Thursday, January 27, 2011

'poultry in motion'

Every once in a while you'll be having a conversation and someone will ask "Do you remember what life was like before the internet?" (or a variation like "Remember when we had to CALL EACH OTHER to make plans?" or "Isn't it funny how, before Facebook, we didn't know anyone's birthday? LOL!"). I generally find that sort of "conversation starter" vaguely irritating because there's really no response you can give other than some form of "Yes! I do! Ha ha! Those times were before these times."

But for some reason whenever someone does evoke pre-internet days, I ALWAYS immediately recall the same memory from about ten years ago. My brother and I were staying up late on a Friday night watching "Chicken Run" on VHS in my parents' bedroom. I remember thinking the movie was going to be so lame (I was in the midst of my "ornery and discontented" phase). Yet Sam and I, improbably, ended up loving it so much that, as soon as it ended, we rewound it and watched the entire movie a second time, writing down our favorite lines on a pad of paper as it played. I remember presenting the eight or nine page document to my parents later as if it was a sculpture I had chiseled out of marble or something.

I guess the internet was sort of around in 2000 or 2001 or whenever this was, and I'm not entirely sure why THIS is the one anecdote I associate with the notion of a pre-internet life, but I suppose the whole thing - the repeat viewing, the handwritten list, the sense of embarking on a project with an utter lack of skepticism or self-consciousness - just strikes me as belonging to a completely different era.

Thursday, January 20, 2011

thoughts re: friends

1. I've noticed that whenever I'm in conversation with a "new" friend, I will almost always do one of the following: go on for too long about someone we both know in a way that makes me feel regretful when I think about it later; reveal an overly personal detail after a perceived lull (a lull which, in its multiple beats, seems "make-or-break" somehow); indicate strong feelings about an issue I really do not care about at all.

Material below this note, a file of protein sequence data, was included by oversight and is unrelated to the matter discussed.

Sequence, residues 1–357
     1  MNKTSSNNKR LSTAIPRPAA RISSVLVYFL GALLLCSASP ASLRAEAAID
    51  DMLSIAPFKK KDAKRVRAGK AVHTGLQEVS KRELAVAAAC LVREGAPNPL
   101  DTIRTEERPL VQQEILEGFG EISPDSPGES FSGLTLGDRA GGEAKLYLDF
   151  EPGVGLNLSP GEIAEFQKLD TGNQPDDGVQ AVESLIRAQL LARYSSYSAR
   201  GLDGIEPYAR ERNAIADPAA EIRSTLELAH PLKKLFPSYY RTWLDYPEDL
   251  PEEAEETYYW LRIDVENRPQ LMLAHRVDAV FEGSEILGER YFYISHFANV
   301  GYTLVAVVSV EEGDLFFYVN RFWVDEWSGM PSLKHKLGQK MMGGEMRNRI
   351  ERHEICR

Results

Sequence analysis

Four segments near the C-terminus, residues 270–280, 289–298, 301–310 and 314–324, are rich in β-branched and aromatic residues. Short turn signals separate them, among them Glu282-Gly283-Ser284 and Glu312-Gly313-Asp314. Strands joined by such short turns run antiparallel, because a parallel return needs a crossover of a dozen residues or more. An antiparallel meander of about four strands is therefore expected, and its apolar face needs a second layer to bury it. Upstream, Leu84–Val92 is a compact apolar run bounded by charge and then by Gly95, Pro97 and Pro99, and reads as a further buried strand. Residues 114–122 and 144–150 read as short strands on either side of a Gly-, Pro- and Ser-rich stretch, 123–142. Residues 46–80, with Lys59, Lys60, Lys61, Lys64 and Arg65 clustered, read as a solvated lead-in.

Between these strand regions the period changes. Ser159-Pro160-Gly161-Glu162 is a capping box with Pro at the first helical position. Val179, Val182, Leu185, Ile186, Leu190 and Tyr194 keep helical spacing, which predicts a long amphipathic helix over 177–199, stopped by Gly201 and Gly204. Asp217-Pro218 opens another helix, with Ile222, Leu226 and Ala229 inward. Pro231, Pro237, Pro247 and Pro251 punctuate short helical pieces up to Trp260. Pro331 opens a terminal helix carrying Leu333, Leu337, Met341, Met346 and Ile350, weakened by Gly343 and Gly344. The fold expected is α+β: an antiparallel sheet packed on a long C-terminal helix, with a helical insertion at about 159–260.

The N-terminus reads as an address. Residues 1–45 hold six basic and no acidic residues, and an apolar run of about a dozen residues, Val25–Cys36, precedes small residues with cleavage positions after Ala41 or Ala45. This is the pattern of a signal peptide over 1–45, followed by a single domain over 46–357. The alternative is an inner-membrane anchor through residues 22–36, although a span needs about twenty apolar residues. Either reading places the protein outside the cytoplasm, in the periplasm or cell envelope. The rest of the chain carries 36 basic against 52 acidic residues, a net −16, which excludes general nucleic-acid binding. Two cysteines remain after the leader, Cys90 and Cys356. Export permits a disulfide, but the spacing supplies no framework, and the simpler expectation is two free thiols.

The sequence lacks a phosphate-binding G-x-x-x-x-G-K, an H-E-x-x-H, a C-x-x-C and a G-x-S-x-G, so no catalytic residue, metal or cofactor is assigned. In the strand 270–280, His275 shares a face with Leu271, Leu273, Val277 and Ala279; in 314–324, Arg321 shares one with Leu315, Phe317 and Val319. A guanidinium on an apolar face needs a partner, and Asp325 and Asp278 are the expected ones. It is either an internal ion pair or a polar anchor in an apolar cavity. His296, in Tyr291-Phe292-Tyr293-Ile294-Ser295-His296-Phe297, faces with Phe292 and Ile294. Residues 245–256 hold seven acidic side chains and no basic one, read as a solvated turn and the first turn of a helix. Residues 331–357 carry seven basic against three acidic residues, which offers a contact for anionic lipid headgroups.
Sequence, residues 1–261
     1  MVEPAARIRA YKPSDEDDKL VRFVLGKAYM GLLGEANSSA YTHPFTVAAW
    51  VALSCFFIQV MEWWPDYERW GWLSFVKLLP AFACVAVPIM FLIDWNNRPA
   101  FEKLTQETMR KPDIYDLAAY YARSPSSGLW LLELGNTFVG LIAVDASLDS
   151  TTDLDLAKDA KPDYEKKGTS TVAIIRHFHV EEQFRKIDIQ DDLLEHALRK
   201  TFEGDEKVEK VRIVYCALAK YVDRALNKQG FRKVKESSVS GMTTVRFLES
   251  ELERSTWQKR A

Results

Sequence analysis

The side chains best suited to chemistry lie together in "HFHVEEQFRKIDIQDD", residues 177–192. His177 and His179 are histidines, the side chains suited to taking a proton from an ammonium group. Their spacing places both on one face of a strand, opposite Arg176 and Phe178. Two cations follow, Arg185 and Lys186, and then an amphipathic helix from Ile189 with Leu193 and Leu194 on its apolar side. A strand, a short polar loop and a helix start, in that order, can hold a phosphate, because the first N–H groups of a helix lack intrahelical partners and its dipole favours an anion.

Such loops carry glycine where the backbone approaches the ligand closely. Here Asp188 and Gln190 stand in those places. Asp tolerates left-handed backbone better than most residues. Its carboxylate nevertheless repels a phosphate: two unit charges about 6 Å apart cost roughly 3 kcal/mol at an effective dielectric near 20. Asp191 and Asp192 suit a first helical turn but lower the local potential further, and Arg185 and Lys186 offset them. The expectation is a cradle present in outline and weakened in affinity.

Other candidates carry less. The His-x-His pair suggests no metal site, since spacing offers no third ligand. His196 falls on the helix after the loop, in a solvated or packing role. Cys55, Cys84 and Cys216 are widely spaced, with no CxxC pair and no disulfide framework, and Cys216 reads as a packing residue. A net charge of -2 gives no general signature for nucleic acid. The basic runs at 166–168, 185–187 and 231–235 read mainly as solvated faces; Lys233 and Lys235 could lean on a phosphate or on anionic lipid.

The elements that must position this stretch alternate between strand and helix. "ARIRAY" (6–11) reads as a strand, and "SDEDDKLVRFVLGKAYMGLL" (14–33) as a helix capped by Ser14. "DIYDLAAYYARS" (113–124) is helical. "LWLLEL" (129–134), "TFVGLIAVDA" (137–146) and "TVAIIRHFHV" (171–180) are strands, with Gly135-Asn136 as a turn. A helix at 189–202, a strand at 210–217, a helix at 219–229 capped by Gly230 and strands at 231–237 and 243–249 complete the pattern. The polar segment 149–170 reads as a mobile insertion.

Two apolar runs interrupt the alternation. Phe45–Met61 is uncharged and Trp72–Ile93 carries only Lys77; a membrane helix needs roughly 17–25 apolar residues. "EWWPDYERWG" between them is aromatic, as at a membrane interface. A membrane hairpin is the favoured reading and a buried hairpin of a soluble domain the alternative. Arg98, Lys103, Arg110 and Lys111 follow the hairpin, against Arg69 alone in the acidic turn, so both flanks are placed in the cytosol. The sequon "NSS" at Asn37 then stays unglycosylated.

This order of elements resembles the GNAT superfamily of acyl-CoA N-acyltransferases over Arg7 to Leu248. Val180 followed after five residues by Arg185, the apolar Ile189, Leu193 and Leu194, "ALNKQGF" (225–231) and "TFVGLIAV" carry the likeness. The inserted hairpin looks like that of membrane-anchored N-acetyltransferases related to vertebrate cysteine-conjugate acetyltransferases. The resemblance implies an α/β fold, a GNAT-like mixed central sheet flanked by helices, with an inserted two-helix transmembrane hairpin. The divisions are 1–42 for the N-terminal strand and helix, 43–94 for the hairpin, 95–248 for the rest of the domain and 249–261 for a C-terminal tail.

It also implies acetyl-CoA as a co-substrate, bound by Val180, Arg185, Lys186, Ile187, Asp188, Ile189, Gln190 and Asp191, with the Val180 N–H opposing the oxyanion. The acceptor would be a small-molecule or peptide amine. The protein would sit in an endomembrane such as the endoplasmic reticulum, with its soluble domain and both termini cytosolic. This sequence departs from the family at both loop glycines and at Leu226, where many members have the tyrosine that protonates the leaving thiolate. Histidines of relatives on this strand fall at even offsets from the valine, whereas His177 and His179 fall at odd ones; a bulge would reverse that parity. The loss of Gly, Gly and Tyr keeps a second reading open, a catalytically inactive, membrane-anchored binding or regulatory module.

2. I rarely feel closer to a friend than when I call her because there's something I just desperately need to tell her, and she picks up and says "Hi, I'm actually at lunch with Fran right now so I can't talk" but I say "OK, but..." and I blurt out whatever the news is and she squeals in this muted way and says "Ohmigod, I'll call you later."

3. I realized the other day that, in a good number of my friendships (especially the more recently formed ones), there's often some sort of weird incident or circumstance between us - which occurred before we became close - that just always goes undiscussed, no matter how many times I see the person or how intimate the friendship becomes. Maybe I know she unfriended me on Facebook sophomore year only to re-friend me a year later (with a "how were we not friends before??" message); maybe we sat near each other in a lecture for a whole semester without ever talking before we were friends; whatever it is, I'll occasionally wonder if it's hidden away in her mental attic, too, or if this is something only I am aware of.

Monday, January 17, 2011

things that happened this weekend

- I watched the music video for Jessica Simpson's "Take My Breath Away" twice.

- The coffee shop I go to changed its wireless password from "ilovesheepalot" to the (moderately disturbing, I feel) "sheeplove."

- I stared at this picture of Mila Kunis and Jon Hamm for about seven minutes (no exaggeration) at about 2 a.m. on Friday night. I then went to brush my teeth and managed to snap my toothbrush in half while brushing (note: I've never heard of that happening to anyone ever). It just snapped. I can only assume there was some sort of energy buildup/release going on there.

- My feet got so cold in my apartment Saturday afternoon that I put on athletic, white socks over dress socks. That night, at a bar, I remembered that I was wearing two pairs of socks and did this little widening smirk thing with the lower half of my face that thankfully no one noticed.